I often get asked what it would take to build an app. Websites like http://howmuchtomakeanapp.com/ give a pretty decent estimate of the overall cost, but their estimates are only really relevant once you know exactly what your app needs to do.
The story usually goes like this:
Joe Shmo (or Jane Shmane) thinks of something in their life that would be improved by having an app that could help them. They think through the idea a little, working out what features would be awesome if the app could do and then say “OK, now what will it take to do this?”
The two biggest pieces of advice that I give to potential app builders are:
- Figure out what the absolute minimum set of features that your app needs to be a Minimal Desireable Product.
- Find a UX designer to make sure that the app that you build is going to be intuitive and easy to use before you write ANY code.
There are many hacks you can do for broader market validation of your app concept (like make a landing page for you app and buy some ads to gauge interest). You want to make sure that you have an app concept that can really appeal to a lot of people. But it’s not really a way to figure out what features are your bread and butter. Once you’ve decided out that there really is a market for your app and that your app concept really provides value (and isn’t just “Instagram with an extra filter”) you have to figure out what exactly your app does.
1. Figuring out your MDP
Your MDP must be the absolute minimum. But it also needs to be something people want to use.
When Jane thought of her app idea, her mind started racing with all the possibilities that this new app could do. Each new feature was better than the last.
But building an app that does everything will not only take too long and cost too much money. It will also end up being confusing to use and will end up having many features that most people don’t use.
— Bauhaus Movement (@BauhausMovement) April 13, 2017
If you can come up with an idea for an app that does its job well, you’ll have people actually using it. And if you listen to those people and ask them for feedback, future app updates can include the features that are most important to them.
Let’s look at some examples.
Someone came to me recently with an idea for a job search app, trying to figure out how much it would cost to have their app idea built by a dev shop. But they hadn’t yet thought through whether or not their app needed LinkedIn authentication. This is something which might be a good thing for a job searching app, but may or may not be necessary, depending on how the app creates and populates its user profiles. (This also means that they hadn’t fully thought through what information would be included in their user profiles and what information would be necessary for their app to work well.)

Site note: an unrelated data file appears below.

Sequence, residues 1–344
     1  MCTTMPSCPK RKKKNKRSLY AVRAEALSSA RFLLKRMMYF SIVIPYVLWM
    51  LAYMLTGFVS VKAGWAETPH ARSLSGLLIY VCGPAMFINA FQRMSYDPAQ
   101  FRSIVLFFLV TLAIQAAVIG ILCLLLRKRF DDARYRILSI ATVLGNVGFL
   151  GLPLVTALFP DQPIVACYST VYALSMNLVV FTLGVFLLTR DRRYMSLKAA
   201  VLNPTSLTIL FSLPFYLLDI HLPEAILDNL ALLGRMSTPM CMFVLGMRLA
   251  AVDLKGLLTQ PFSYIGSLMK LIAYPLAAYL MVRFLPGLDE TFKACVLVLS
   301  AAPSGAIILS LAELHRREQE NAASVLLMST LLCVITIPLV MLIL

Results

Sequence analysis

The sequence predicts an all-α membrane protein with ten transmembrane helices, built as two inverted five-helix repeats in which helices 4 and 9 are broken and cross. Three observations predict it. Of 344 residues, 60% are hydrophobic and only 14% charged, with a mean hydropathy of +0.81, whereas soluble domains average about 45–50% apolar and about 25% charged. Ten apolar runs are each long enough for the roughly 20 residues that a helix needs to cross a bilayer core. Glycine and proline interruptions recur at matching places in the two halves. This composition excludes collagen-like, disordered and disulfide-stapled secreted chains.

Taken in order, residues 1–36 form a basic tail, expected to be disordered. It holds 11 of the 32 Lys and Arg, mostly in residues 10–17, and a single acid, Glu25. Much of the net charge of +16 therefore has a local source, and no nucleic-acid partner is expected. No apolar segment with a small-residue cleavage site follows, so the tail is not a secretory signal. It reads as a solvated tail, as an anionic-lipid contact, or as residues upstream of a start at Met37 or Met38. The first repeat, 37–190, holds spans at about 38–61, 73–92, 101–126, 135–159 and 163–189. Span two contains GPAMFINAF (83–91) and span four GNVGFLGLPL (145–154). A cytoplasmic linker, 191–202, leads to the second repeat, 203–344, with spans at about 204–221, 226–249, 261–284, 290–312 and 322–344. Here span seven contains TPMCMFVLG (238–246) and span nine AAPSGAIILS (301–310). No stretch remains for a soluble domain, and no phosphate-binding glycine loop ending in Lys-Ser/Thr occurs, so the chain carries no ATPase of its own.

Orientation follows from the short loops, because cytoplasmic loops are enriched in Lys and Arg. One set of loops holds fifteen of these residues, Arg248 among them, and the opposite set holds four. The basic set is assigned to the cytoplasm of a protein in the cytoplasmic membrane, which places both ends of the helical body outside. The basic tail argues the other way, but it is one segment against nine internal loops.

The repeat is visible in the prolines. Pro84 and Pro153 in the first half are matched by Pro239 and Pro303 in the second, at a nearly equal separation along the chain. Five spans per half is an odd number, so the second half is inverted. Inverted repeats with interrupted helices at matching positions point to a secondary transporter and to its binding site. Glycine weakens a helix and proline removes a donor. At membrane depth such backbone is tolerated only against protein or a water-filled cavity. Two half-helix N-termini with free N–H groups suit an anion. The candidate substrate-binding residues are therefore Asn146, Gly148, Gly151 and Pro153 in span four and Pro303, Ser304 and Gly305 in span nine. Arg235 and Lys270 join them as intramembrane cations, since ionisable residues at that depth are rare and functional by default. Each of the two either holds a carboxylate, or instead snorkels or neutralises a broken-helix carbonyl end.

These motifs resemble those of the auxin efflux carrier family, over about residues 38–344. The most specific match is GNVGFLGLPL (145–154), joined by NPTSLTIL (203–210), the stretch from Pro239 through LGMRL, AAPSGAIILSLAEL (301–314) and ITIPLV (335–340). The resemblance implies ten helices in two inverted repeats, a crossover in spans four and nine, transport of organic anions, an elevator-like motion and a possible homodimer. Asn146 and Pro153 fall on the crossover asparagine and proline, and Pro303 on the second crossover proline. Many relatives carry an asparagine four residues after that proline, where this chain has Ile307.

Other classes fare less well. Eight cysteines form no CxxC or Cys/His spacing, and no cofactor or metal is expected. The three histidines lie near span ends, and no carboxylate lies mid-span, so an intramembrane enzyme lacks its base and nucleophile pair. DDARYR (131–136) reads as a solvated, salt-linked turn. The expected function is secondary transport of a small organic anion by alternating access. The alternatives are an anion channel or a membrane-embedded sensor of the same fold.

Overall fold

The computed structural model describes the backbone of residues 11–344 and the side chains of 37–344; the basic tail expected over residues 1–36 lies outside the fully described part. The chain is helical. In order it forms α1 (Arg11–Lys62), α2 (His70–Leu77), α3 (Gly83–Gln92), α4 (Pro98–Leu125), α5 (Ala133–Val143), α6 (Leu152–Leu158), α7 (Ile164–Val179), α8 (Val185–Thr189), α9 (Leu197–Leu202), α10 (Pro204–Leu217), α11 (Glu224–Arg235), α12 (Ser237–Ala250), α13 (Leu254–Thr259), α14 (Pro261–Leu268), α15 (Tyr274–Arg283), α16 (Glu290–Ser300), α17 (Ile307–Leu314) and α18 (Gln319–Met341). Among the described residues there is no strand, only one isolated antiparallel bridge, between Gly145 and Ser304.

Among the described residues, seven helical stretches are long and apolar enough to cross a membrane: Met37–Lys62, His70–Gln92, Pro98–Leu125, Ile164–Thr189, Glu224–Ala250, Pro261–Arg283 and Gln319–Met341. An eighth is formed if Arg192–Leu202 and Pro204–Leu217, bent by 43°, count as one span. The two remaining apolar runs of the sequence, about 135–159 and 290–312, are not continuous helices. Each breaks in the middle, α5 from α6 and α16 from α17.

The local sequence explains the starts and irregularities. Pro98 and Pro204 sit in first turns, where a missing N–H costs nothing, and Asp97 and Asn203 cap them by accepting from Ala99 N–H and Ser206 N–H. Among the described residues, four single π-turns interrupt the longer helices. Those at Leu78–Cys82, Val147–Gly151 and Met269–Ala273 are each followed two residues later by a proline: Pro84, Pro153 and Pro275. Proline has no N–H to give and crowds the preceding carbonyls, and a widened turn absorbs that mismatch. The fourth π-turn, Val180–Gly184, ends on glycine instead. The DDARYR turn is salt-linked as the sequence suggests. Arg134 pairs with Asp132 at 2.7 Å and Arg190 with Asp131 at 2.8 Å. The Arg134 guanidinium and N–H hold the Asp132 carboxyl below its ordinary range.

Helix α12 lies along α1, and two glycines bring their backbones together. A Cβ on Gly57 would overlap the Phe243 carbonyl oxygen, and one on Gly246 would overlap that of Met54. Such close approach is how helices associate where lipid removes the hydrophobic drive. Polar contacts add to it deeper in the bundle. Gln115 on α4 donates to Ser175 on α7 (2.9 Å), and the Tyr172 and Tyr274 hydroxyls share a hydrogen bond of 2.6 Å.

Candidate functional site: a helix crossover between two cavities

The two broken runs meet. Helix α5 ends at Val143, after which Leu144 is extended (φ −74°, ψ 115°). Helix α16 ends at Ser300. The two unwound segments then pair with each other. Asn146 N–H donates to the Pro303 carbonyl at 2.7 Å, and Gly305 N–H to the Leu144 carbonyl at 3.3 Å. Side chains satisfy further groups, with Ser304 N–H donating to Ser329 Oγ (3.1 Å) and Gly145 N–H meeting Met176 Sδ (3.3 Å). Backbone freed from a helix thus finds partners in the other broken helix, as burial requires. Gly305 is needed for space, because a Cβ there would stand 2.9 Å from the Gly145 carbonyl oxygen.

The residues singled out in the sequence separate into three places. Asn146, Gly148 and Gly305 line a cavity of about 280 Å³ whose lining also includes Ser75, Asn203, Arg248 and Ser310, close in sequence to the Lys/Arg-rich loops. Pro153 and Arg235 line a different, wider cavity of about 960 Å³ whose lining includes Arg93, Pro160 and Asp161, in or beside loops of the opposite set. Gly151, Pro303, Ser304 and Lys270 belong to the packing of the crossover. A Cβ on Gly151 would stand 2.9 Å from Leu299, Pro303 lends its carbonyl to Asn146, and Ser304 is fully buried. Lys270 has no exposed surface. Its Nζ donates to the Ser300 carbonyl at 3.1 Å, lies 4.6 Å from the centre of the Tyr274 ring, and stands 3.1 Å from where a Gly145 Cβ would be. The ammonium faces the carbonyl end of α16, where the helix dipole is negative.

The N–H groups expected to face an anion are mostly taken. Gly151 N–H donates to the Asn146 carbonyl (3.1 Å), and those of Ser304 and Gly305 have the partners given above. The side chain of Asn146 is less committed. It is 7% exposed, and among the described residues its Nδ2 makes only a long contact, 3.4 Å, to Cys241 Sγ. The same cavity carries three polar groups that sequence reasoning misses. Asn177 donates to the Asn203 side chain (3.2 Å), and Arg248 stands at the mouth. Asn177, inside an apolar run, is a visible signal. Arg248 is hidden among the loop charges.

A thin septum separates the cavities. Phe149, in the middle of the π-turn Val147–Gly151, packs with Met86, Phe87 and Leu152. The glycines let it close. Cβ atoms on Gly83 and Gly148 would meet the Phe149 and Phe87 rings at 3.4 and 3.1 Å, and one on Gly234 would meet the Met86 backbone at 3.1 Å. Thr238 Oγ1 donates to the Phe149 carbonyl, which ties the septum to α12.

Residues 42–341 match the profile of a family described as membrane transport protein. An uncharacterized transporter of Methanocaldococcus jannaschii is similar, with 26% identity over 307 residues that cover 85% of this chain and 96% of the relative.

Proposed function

Another person had an idea for an app that would help them keep in touch with their friends, family and business acquaintances during their commute. But they hadn’t thought about whether this app needed to have built in voice recognition on the initial release or if it could work well enough without that as long as they had a good, safe, car-friendly interface.
How to figure out your MDP
Trying to figure out what features you really need in your app is tricky, but there are a few things you can do to help with the process.
The first thing I always do is ask myself what features I personally would want to use on a frequent basis. If I wouldn’t want to use the app without a particular feature – it’s probably a must.
The next step is doing some research. Find some friends who you think would want to use the app, pitch them on the general idea and see what feature ideas they come up with. If a few people say the same thing – it’s probably a must.
After asking your friends, find some strangers to ask. Don’t be afraid of them stealing your idea. Getting feedback from people outside of your own bubble will help ensure that your MDP is desirable to a broader group of people.
2. Design first. Code second.
So Joe took my advice and really thought through all the features he needs in his curated news feed app. He wrote them out, and went to his dev team for an estimate about how long each feature would take to build.
- User Login
- 3 days
- User Profiles
- 4 days
- News Feed
- About a week
- Settings page
- About a day or 2
- Oh, I forgot about that – I guess a day or two to code it up?
In my experience, the biggest cost in app development is taking that initial idea, getting it built, and then realizing that the app “doesn’t feel right”. It’s either missing some important feature(s), hard to figure out how to use, or doesn’t show immediate value.And once you’ve spent time and money getting the app built and it’s not right, fixing it is often just as costly as building the app from scratch. You’re going to end up having a few versions of the app anyway, as you get user feedback and make changes. If you use up all of your restarts because you didn’t think through the user experience up front, it’s going to be tough.
Doing your best up front to make sure that the app is intuitive and can actually do everything that it needs to do easily is probably the most important thing you can do to keep the costs of app development down.
You’re still going to end up having revisions and changes – that’s unavoidable. But if the overall flow works the changes should be relatively minor and shouldn’t break the bank.
We’re here to help
If you are working through an app idea, we’d love to help you work through any gotchas in your design and development. Send an email to firstname.lastname@example.org and we’d be happy to set up some time to help you out.
If you’ve gone through the app development process and have a designer or developer you would like to suggest (personal experience only, please), feel free to tell us about them. We’d love to highlight them on our blog.